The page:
Check out the February Audio Described Screenings at the Irish Film Institute.
Lady Bird – Tues 27th 16.20 & 20.50.
The Shape of Water – Tues 20th 13.00 & Mon 26th 20.30.
Phantom Thread – Wed 7th 13.00 & Sun 11th 20.15.
I,Tonya – Mon 26th 15.50 & Wed 28th 20.40.
Journey’s End – Tues 6th 18.30 & Thurs 8th 13.30.
Writer/actor Greta Gerwig (Frances Ha, Mistress America) effortlessly transitions to the role of director for her début feature, a semi-autobiographical account of coming-of-age in Sacramento in 2002. Working from her own script, Gerwig manages to breathe new life into the rites of passage subgenre, approaching many familiar moments – first love, prom night – with great flair and imagination. Saorise Ronan shines as Christine ‘Lady Bird’ McPherson, a restless 17-year-old navigating her way through the pitfalls of Catholic school, her modest academic prowess being no obstacle to romantic dreams of college life on the east coast. Lady Bird’s complex relationship with her mother (Laurie Metcalf) underpins her often chaotic life and their many exchanges adroitly capture the nuances of a close mother-daughter bond.
The Shape of Water
Guillermo del Toro’s beautiful, romantic fairy tale centers on mute Elisa (the superb Sally Hawkins), who, although she has close friendships with neighbour Giles (a reliably excellent Richard Jenkins) and co-worker Zelda (Octavia Spencer), suffers from loneliness. When the mysterious corporation for which she works acquires an ‘asset’ in the form of an amphibian humanoid, guarded by the sadistic Strickland (an especially bug-eyed Michael Shannon), she is drawn to the creature, gaining its trust as the two ultimately fall in love and search for a way to be together.
In the beautifully constructed and impeccably performed Phantom Thread, this is again brought to the fore in a study of the shifting power dynamics at play between a trio consisting of couturier Reynolds Woodcock (Daniel Day-Lewis in his self-professed final acting role), his sister Cyril (Lesley Manville), her brother’s keeper, and his new model, muse, and lover, former waitress Alma (Vicky Krieps). Relationships take dark and unexpected turns in this lush, sensuous film.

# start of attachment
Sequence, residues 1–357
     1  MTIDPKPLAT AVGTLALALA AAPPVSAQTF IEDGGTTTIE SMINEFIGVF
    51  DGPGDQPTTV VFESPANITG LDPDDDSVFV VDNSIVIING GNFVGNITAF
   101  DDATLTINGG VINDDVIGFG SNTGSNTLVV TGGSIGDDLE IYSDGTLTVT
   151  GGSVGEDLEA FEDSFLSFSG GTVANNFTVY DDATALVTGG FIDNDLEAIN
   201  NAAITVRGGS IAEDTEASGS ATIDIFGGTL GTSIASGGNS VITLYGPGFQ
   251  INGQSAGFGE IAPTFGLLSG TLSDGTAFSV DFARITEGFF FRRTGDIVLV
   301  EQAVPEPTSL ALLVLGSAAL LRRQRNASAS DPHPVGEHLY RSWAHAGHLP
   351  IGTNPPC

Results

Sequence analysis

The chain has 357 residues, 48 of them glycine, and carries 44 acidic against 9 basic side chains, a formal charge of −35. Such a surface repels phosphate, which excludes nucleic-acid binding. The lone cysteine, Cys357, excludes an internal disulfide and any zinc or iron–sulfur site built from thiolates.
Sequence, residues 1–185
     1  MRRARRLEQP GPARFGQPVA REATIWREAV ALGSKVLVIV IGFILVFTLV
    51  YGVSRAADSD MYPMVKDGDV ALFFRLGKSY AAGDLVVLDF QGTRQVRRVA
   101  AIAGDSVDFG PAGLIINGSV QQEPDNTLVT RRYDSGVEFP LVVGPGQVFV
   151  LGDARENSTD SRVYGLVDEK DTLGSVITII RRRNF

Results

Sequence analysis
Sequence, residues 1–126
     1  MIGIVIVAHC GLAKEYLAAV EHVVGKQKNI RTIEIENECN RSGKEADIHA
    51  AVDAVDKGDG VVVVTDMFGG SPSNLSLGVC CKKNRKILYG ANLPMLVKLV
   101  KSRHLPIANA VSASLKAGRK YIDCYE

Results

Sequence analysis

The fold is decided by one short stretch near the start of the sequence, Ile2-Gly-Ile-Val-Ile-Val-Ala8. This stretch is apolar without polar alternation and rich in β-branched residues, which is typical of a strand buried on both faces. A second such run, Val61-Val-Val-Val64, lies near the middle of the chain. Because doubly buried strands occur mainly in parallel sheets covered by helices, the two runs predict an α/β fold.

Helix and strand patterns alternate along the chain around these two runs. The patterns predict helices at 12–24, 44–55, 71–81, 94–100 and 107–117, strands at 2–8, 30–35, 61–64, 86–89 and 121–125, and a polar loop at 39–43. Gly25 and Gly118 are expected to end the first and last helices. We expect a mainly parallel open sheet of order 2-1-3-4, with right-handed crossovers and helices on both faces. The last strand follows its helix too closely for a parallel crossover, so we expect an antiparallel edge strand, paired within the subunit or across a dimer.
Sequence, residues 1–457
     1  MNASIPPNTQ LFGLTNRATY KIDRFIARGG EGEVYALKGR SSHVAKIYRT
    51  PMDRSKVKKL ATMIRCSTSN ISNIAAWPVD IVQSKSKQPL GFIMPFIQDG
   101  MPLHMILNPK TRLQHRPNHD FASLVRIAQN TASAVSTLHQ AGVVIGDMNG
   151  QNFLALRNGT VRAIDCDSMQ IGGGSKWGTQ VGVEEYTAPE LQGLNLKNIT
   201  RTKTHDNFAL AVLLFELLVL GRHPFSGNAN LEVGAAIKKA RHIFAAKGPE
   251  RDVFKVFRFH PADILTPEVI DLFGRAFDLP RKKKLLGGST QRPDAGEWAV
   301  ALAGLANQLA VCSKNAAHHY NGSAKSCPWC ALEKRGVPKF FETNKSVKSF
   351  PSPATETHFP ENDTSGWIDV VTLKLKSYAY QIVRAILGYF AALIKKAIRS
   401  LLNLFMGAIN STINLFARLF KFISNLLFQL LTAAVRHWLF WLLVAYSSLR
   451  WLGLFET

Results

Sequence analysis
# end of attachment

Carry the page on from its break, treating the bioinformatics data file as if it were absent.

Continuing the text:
Margot Robbie gives a deliciously exuberant performance as disgraced figure skater Tonya Harding in Craig Gillespie’s imaginative riff on the scandals circulating around the 1994 Winter Olympic Games, culminating with the brutal sabotaging of rival skater Nancy Kerrigan. Wryly presented as faux documentary where the key players in the debacle – a rogue’s gallery of grotesques – are interviewed some twenty years afterwards, Gillespie also uses extensive flashbacks to fill in the gaps in the lurid narrative. Tonya’s fractious relationship with her volatile, pushy stage mother LaVona (Allison Janney) forms a through-line in this unclassifiable, breathlessly entertaining blend of bizarre true-crime drama, comedy and intimate character study.
Northern France, 1918. British Army C Company is anxiously awaiting an imminent German offensive, led by the broken, alcoholic Captain Stanhope (Sam Claflin), and former school teacher Osborne (Paul Bettany), his avuncular second-in-command. The company is joined by the naïve young Second Lieutenant Raleigh (Asa Butterfield), who requested assignment to Stanhope’s command because the two attended the same school. R.C. Sherriff’s poignant drama of life and death in the trenches of World War I, first performed on-stage starring a young Laurence Olivier in 1928, and filmed in 1930 by James Whale, is faithfully adapted by director Saul Dibb in this restrained production that retains the deep sadness of the play and wisely resists contemporary embellishments. (Notes by David O’Mahony.)